Uncle Sam at Home: Civilian Mobilization, Wartime Federalism, and the Council of National Defense, 1917-1919

My readers will have to forgive me as I spend some time generating ideas here after reading William J. Breen’s book Uncle Sam at Home: Civilian Mobilization, Wartime Federalism, and the Council of National Defense, 1917-1919 (Westport, Connecticut: Greenwood Press, 1984). In his book Breen shifts the focus of civilian mobilization during the Great War from the Council of National Defense (a federal organization formed to coordinate resources, industry, transportation, agriculture, and public morale in support of the war) to the council’s state entities. During the war nearly every state created their own Councils of National Defense to assist federal efforts. State councils were a varied lot and usually reflected the goals and motivations of the states that created them.

Southern councils were the weakest when compared to their counterparts. The reasons for this, as Breen states, were rural populations, poverty, and the motivations of state politicians (particularly governors). Additionally, enthusiasm for the war in the South was lukewarm. The war touched deep populist nerves and many Southerners suspected “that preparedness was a scheme for the profit of munitions makers and financial interests” (pgs. 100-101).

Regardless, the very poorly funded Virginia Council of National Defense (which operated on a paltry $5,000 in 1918) largely focused on agricultural production and agricultural “preparedness.” The major concerns of the Virginia Council were increasing agricultural production, maintaining a strong base of agricultural labor, and extending credit to farmers.

Breen dedicates an entire chapter to the contributions of women to state councils. As it is nearly midnight, I don’t believe I can do that chapter justice. I also have two other texts on women’s efforts during World War I to read. So I may wait to write my thoughts upon reading one of those. Until then, I ask my readers to await patiently.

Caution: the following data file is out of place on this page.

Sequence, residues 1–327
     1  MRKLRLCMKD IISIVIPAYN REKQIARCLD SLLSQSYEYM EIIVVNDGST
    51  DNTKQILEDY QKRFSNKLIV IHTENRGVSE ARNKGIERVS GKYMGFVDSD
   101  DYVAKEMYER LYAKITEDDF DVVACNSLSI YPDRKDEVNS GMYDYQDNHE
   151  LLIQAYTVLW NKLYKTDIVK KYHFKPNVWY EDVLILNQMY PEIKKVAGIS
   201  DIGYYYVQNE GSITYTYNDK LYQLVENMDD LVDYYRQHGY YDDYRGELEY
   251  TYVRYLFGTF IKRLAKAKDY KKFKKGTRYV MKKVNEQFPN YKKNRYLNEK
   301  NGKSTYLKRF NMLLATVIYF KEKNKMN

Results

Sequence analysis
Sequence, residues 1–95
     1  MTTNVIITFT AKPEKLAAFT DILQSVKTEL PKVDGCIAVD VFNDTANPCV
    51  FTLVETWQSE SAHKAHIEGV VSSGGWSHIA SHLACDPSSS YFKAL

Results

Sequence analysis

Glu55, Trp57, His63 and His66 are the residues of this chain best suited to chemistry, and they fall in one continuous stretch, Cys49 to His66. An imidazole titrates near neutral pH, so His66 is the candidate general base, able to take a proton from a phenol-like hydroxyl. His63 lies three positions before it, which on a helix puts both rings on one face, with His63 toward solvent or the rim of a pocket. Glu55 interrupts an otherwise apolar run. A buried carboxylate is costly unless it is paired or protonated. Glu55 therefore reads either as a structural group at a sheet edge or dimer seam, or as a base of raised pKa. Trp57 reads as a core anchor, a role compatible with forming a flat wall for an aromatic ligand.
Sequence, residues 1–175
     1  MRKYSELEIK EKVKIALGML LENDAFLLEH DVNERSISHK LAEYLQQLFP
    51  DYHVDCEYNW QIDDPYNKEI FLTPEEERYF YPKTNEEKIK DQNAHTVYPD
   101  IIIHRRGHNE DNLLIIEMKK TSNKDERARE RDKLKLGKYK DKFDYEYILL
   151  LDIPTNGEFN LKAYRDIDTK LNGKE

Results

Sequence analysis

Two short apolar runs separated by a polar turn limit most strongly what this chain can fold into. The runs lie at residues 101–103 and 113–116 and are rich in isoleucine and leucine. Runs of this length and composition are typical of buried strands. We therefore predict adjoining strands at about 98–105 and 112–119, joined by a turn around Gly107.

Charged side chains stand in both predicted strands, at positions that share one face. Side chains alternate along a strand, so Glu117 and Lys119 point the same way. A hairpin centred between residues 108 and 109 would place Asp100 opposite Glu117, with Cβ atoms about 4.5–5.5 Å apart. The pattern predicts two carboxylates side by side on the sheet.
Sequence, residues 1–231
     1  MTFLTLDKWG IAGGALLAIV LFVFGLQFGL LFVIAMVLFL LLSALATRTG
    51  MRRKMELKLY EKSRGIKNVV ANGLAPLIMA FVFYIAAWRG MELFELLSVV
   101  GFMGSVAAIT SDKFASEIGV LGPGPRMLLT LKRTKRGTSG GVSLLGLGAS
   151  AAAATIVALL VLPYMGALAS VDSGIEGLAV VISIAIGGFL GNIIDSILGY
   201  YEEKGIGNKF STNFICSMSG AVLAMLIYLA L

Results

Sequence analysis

What does this lead me to? Questions, obviously:
-As an agricultural and mechanical college, what role did Virginia Tech (faculty members, administration, extension service, etc.) play in the Virginia Council of National Defense?

-Did other Virginia universities play a role in the Virginia Council?

-How did mobilization efforts by the Council of National Defense and the Virginia Council affect Virginia colleges and universities (Virginia Tech?)?

-The Council of National Defense had an educational propaganda department. What did they ask universities to do? Did universities actually do what they were asked?

Hopefully I can find some answers in my primary source explorations of the next few weeks. But this seems to relate back to a key theme that appears over and over again in the primary sources and secondary sources: mobilization. That’s a big topic but what does that mean? What does that look like? How does that affect everyday people? How does that affect students.

Readers, thanks for bearing with me. I look forward to your feedback and I apologize for any mistakes or endless rambling. Now, off to bed!

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